ADA's Practice Guidelines for 2011

Anne L. Peters, MD, CDE


March 09, 2011

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Hi. I'm Dr. Anne Peters, and today I'm going to discuss the 2011 clinical recommendations for the management of diabetes from the American Diabetes Association. These clinical practice recommendations are available in a publication that comes out in January each year from the American Diabetes Association and are also available for free on their Website.[1] The good news about these 2011 practice recommendations is that they don't differ hugely from previous recommendations, so we don't have to change our practice that much. The area in which they differ the most is in terms of screening for gestational diabetes, which I'll discuss in a moment.

It's nice to know that the targets we've been striving for are actually still applicable. We've had a number of clinical trials in the past few years that have led to some confusing data about the safety of normalizing blood glucose levels, but the current target of an A1c [level] of less than 7% seems to still be a reasonable target. More normal blood glucose levels clearly reduce the risk for microvascular complications such as retinopathy, nephropathy, and neuropathy. If tight glucose control is started early in the course of the disease, it will also lead to reductions in macrovascular complications.

We also have learned that we really must individualize our care. A young healthy person in their 40s or 50s who can get to an A1c [level] of even less than 6% without excessive hypoglycemia is doing really well. That's a great target, but in older patients, someone who is on insulin, someone who is trying really hard but hypoglycemia develops and [he or she] really can't do any better than a hemoglobin A1c of 7.5% or even 8%, those are patients in whom I will accept a higher target because I don't want to cause any harm, particularly if that harm comes in terms of episodes of severe hypoglycemia.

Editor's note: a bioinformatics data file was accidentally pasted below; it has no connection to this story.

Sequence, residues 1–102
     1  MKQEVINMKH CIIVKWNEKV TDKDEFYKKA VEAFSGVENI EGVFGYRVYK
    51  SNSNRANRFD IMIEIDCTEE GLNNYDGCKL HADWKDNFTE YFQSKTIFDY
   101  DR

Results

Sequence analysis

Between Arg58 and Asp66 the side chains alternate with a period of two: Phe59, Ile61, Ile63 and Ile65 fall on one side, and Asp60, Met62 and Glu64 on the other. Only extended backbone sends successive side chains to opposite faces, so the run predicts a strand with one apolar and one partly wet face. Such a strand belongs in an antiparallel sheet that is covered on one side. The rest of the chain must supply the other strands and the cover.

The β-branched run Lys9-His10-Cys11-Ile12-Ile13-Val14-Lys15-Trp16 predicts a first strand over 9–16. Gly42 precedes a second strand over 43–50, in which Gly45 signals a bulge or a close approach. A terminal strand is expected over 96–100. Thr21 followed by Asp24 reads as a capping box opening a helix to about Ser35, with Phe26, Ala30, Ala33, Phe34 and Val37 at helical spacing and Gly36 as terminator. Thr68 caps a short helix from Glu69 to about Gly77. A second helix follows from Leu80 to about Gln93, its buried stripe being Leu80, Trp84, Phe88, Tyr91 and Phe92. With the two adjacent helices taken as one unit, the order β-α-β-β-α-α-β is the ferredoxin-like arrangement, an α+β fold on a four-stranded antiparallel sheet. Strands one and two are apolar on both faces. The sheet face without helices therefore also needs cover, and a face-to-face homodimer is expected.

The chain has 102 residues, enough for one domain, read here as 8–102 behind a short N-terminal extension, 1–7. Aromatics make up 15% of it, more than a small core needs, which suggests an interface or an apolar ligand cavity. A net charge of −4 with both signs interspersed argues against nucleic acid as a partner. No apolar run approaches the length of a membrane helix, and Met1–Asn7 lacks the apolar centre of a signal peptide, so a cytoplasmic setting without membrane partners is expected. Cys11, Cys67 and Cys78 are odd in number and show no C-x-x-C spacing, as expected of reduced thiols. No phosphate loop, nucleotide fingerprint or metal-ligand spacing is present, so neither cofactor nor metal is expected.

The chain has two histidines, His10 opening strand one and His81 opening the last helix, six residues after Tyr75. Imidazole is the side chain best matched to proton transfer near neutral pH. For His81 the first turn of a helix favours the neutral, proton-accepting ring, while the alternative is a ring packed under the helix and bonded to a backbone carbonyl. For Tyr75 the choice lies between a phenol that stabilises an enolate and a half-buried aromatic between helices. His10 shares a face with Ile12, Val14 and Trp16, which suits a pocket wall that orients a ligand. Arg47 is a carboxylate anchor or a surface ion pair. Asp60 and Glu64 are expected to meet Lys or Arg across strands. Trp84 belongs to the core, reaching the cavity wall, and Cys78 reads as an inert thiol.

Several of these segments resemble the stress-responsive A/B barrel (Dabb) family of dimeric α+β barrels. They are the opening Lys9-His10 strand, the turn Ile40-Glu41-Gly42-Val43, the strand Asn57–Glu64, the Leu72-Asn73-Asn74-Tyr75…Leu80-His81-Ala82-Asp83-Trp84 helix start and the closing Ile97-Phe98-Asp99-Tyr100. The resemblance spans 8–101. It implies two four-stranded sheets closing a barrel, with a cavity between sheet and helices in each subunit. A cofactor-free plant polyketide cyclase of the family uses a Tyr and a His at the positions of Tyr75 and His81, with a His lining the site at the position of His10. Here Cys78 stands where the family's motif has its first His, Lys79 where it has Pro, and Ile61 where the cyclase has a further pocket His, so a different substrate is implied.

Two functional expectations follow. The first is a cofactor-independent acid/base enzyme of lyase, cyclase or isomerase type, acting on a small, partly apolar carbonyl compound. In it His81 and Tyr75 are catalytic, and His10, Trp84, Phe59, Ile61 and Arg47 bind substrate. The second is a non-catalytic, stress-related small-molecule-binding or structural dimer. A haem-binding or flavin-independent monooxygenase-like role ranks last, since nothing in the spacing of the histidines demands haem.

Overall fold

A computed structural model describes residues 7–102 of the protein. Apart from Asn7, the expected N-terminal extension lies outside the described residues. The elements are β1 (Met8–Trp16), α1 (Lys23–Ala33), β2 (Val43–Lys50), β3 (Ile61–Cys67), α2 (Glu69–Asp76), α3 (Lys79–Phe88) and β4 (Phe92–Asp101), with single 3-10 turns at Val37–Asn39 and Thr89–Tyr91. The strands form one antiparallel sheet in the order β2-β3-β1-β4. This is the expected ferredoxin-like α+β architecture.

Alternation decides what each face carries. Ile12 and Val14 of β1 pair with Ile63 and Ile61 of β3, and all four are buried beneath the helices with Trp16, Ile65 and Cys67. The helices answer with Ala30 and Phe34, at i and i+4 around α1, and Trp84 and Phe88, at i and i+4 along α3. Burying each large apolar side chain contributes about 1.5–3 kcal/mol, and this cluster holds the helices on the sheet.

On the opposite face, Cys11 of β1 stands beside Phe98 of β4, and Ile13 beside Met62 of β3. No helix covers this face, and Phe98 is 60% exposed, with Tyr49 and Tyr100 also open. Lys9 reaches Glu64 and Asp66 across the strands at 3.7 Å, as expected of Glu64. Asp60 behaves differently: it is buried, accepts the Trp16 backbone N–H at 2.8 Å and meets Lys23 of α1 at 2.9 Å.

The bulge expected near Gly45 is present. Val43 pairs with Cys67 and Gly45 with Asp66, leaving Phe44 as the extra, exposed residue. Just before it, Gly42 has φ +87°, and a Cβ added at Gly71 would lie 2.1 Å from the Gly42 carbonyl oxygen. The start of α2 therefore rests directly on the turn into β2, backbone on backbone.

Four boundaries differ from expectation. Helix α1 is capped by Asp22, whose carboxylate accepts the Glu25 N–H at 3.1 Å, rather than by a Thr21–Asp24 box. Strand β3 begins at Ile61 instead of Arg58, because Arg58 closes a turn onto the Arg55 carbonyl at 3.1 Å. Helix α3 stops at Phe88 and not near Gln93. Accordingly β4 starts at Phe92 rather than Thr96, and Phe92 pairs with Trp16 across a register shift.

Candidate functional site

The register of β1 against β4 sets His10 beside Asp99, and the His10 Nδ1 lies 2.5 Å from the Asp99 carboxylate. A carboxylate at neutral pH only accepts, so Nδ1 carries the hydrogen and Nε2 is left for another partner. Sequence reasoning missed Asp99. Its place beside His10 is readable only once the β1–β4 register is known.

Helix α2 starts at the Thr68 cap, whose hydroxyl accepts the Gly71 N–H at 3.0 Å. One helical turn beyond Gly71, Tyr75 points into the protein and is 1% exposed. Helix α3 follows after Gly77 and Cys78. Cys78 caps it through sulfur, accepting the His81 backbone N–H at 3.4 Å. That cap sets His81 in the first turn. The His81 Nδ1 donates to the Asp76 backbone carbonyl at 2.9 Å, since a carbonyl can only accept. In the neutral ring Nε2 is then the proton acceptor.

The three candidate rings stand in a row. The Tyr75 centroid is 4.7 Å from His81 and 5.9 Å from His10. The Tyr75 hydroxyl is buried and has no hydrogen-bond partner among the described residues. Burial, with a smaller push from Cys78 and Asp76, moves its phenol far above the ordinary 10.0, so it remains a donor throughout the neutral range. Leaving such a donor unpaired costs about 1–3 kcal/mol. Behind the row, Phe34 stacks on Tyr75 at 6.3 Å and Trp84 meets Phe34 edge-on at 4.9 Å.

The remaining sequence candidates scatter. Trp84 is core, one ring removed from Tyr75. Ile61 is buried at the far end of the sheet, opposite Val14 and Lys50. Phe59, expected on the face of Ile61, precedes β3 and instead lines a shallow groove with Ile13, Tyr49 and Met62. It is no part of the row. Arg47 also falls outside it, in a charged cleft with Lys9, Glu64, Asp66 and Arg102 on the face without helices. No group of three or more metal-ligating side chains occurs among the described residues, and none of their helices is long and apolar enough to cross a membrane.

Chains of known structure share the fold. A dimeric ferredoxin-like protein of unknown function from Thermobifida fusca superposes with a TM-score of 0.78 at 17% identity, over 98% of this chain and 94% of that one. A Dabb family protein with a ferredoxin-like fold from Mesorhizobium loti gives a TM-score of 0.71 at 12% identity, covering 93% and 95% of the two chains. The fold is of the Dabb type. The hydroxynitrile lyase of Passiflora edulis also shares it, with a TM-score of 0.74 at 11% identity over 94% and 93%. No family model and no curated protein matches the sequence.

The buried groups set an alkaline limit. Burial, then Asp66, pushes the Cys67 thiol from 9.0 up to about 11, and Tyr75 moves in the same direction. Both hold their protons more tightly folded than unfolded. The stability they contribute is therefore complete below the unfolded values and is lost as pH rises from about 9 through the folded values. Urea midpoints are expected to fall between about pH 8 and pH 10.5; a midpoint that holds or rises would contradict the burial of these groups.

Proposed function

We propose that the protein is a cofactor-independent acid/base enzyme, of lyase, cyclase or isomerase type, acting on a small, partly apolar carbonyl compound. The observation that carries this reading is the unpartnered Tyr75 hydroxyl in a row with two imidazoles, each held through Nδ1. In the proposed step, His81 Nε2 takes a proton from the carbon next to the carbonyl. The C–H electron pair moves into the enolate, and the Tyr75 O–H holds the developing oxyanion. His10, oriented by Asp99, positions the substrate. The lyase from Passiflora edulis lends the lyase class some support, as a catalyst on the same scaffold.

Not only were our glucose targets validated, but so were our other targets. The blood pressure target remains less than 130/80 [mm Hg]. The LDL [low-density lipoprotein] target remains less than 100 mg/dL unless a patient has known cardiovascular disease, and then it's lowered to less than 70 mg/dL.

In terms of gestational diabetes, we're really doing away with the old 50-gram screen and then the follow-up 100-gram glucose tolerance test. It's now recommended that all pregnant women who are between 24 and 28 weeks of gestation undergo a 75-gram 2-hour glucose tolerance test. Blood should be drawn for glucose levels at baseline, at 1 hour, and at 2 hours. A woman only needs to have a single abnormal value to be diagnosed with gestational diabetes.

The cutpoints are as follows. The fasting cutpoint is greater than or equal to 92 mg/dL. The 1 hour cut point is greater than or equal to 180 mg/dL. The 2-hour cutpoint is greater than or equal to 153 mg/dL. If a woman is found to go above any of these cutpoints, she's diagnosed with gestational diabetes and treated accordingly. It's also very important to remember that women who have had gestational diabetes in the past should be screened at least every 3 years to be sure that true diabetes -- usually type 2 diabetes -- [doesn't develop] in the future.

Another area that is touched upon but not yet addressed is the notion of care for the transitioning adult. Young people between the ages of 18 and 30 years are really not yet adults or at least full adults and they're not children. For many of our patients, particularly those in whom diabetes develops in childhood, it's a real transition leaving their pediatrician behind and finding an adult care provider. In this transition, many of these youths tend to get lost and their diabetes care suffers. New guidelines for the treatment of transitioning adults will be published soon by the American Diabetes Association.

Those are the clinical practice recommendations for 2011 by the American Diabetes Association. This has been Dr. Anne Peters for Medscape. Thank you.


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